Commencement of School Year Homily – Part 1: Forming Virtuous Students

This article is the first part of the homily preached by His Eminence Archbishop William Cardinal Goh at the Mass for the Commencement of School Year, held on 29 January 2023.



All Catholic educators should know by now the Catholic understanding of education. For us as Catholics, education is more than helping our students to acquire skills and knowledge. More importantly, we are called to form them into people who are holistic, people who are able to contribute to the growth of others, people who are morally upright, people who can be of service to humanity.

Education is for life. Education is to help a person to achieve his or her potential to the fullest, to become the person that God has called him or her to be. In other words, education is to help a person to realise his purpose on this earth, to live his life in such a way that he can give his whole heart and soul to what he is doing, and so prepare him for eternal life in Heaven.

When education is reduced to merely acquiring knowledge and skills, strictly speaking, our young people would no longer need to go to school today. All the information can be found on the Internet. You can even use the Internet to make bombs, as terrorists do. Mr Google is the answer for all questions of life, it seems. What is the use of having teachers, then, since all of them would be able to find the knowledge that they are searching for?

That is why it is so important to ask ourselves: do we think that we have done great things and done justice for our students under our care, when at the end of the day, we have only just given them great skills and knowledge? They can be “A” students, they can be brilliant students, but what about their character? What about the values that they hold? Do you think they will be truly people who will serve society, people who will be able to help society to grow, to live harmoniously — or will they use their knowledge and skills for their own selfish purpose and become destructive of humanity?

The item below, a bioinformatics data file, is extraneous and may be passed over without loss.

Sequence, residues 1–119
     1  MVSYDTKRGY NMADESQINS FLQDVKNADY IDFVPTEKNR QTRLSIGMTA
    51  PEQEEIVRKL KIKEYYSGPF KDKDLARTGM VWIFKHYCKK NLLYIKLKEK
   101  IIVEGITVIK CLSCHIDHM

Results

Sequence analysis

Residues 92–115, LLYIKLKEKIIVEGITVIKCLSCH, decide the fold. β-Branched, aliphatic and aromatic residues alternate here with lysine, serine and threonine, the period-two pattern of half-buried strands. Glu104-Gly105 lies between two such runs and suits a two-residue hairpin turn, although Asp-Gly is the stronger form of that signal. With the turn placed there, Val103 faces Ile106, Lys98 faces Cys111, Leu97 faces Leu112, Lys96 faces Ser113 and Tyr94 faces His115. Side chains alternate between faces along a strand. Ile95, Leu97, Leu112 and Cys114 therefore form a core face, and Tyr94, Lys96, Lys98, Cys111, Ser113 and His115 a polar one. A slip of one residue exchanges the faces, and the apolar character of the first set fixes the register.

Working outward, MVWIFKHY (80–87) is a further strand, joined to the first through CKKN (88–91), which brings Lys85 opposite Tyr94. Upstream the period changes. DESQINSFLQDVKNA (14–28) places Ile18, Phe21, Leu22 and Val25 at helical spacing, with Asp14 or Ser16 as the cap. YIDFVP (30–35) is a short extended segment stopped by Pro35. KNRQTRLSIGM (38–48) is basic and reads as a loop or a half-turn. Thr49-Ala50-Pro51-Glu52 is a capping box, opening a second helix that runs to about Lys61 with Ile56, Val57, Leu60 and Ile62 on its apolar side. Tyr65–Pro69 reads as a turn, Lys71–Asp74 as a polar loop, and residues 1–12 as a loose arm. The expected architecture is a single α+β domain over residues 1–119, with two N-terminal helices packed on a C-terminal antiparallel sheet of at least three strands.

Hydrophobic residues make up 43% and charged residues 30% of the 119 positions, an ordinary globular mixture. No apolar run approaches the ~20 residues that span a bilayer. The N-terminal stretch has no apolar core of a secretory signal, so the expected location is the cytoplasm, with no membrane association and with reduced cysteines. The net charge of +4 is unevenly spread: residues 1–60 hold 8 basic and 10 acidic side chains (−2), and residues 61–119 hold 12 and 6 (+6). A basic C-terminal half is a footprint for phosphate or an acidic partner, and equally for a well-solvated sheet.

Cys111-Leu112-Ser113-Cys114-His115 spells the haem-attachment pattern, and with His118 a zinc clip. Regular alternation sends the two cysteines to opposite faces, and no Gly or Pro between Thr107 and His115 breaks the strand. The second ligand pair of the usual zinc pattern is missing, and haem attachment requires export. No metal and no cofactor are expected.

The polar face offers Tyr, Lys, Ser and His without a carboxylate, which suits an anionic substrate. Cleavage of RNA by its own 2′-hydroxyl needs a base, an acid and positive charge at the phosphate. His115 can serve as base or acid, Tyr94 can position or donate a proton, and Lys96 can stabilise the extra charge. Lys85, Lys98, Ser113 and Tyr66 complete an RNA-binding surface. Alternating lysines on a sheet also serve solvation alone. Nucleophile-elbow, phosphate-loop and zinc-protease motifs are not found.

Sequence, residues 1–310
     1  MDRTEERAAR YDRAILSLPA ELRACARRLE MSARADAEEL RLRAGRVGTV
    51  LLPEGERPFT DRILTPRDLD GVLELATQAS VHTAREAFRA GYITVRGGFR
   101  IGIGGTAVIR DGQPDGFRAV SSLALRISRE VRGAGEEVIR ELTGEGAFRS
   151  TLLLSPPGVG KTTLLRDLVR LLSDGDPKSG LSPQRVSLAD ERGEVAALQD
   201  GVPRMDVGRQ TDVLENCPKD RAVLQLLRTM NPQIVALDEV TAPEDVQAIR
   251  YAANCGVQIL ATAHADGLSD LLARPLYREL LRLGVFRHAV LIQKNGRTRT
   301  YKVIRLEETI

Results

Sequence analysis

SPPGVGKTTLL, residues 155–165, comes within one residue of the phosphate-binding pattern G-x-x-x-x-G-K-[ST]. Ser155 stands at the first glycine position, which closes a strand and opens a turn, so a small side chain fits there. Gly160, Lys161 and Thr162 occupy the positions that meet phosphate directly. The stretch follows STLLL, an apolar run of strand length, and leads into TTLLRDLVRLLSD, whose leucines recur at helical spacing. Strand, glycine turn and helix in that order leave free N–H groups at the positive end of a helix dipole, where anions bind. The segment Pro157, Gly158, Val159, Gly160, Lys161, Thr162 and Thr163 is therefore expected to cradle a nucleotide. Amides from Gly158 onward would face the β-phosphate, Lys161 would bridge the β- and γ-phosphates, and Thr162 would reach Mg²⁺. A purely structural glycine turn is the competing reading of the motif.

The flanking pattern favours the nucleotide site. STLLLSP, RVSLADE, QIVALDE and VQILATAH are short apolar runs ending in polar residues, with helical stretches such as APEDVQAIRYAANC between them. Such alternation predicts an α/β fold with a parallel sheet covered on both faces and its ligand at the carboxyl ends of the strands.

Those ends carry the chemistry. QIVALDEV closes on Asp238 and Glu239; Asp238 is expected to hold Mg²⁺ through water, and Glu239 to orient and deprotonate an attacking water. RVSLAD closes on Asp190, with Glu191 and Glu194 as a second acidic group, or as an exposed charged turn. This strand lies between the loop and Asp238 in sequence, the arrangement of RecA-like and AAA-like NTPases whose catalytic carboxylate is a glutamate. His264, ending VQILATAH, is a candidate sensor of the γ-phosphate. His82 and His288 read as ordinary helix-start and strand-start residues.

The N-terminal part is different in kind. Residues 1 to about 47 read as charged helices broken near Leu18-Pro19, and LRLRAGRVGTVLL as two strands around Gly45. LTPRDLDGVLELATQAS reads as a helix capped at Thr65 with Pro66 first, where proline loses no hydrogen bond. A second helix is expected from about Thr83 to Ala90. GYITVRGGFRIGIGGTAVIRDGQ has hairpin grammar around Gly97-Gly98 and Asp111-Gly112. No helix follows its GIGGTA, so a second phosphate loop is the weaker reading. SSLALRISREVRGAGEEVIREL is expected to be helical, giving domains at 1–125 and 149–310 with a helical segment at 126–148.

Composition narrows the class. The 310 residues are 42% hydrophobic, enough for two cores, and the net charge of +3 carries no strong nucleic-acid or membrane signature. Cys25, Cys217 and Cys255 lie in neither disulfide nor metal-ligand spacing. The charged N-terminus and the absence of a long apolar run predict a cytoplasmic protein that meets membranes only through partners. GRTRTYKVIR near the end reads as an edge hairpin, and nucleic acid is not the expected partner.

Blessed Lives

Great intelligent people very often serve themselves instead of serving others. That’s the reason why, in today’s Scripture readings, we are told that the heart of formation is the heart, more than the mind. Of course, the mind is important. Today in the Gospel, we just read the Beatitudes. Now, the Beatitudes are of great importance. Beatitudes is a compound word, of the “Be Attitudes” – what are your attitudes in life? Your attitudes in life will determine how you respond to situations, how you look at life, and how you live your life positively, meaningfully.

There are many people today whose life is in a mess because they have the wrong attitudes – wrong attitudes towards God, towards self, towards others, towards their work. So it is a question therefore – the heart of formation is the formation of attitudes. These are critical, and today Jesus gives us a blueprint of what is required for an authentic person, how to live that blessed life. That’s why Jesus gave us the Beatitudes, the way to live that blessed life. A blessed life will of course be a happy life, a meaningful life. Isn’t that what we desire for our young people? For everyone, for that matter. We desire happiness. All that we achieve in life, all that we do, if they do not bring us real happiness, all our hard work is in vain.

So, let me ask you as educators, are you helping your students to attain real happiness in life? Not passing happiness, lasting happiness. That is the work of Catholic educators. And that is why you notice in today’s Scripture readings, whether it is Zephaniah, whether it is St Paul, whether it is our Lord, we are speaking about acquiring virtues, forming characters.



This article is the first part of the homily preached by His Eminence Archbishop William Cardinal Goh at the Mass for the Commencement of School Year, held on 29 January 2023.